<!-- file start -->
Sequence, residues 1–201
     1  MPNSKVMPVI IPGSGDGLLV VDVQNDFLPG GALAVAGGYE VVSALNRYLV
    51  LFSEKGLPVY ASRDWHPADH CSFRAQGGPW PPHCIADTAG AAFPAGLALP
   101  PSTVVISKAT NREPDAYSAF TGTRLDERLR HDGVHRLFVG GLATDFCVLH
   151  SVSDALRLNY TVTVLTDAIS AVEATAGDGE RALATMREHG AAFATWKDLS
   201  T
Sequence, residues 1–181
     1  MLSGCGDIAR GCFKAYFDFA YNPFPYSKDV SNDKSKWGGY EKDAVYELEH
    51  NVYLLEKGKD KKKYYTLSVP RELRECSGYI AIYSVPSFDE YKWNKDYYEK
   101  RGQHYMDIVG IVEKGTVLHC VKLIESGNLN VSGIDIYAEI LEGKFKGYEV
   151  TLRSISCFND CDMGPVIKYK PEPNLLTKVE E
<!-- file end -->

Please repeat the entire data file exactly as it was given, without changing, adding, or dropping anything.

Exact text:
Sequence, residues 1–201
     1  MPNSKVMPVI IPGSGDGLLV VDVQNDFLPG GALAVAGGYE VVSALNRYLV
    51  LFSEKGLPVY ASRDWHPADH CSFRAQGGPW PPHCIADTAG AAFPAGLALP
   101  PSTVVISKAT NREPDAYSAF TGTRLDERLR HDGVHRLFVG GLATDFCVLH
   151  SVSDALRLNY TVTVLTDAIS AVEATAGDGE RALATMREHG AAFATWKDLS
   201  T
Sequence, residues 1–181
     1  MLSGCGDIAR GCFKAYFDFA YNPFPYSKDV SNDKSKWGGY EKDAVYELEH
    51  NVYLLEKGKD KKKYYTLSVP RELRECSGYI AIYSVPSFDE YKWNKDYYEK
   101  RGQHYMDIVG IVEKGTVLHC VKLIESGNLN VSGIDIYAEI LEGKFKGYEV
   151  TLRSISCFND CDMGPVIKYK PEPNLLTKVE E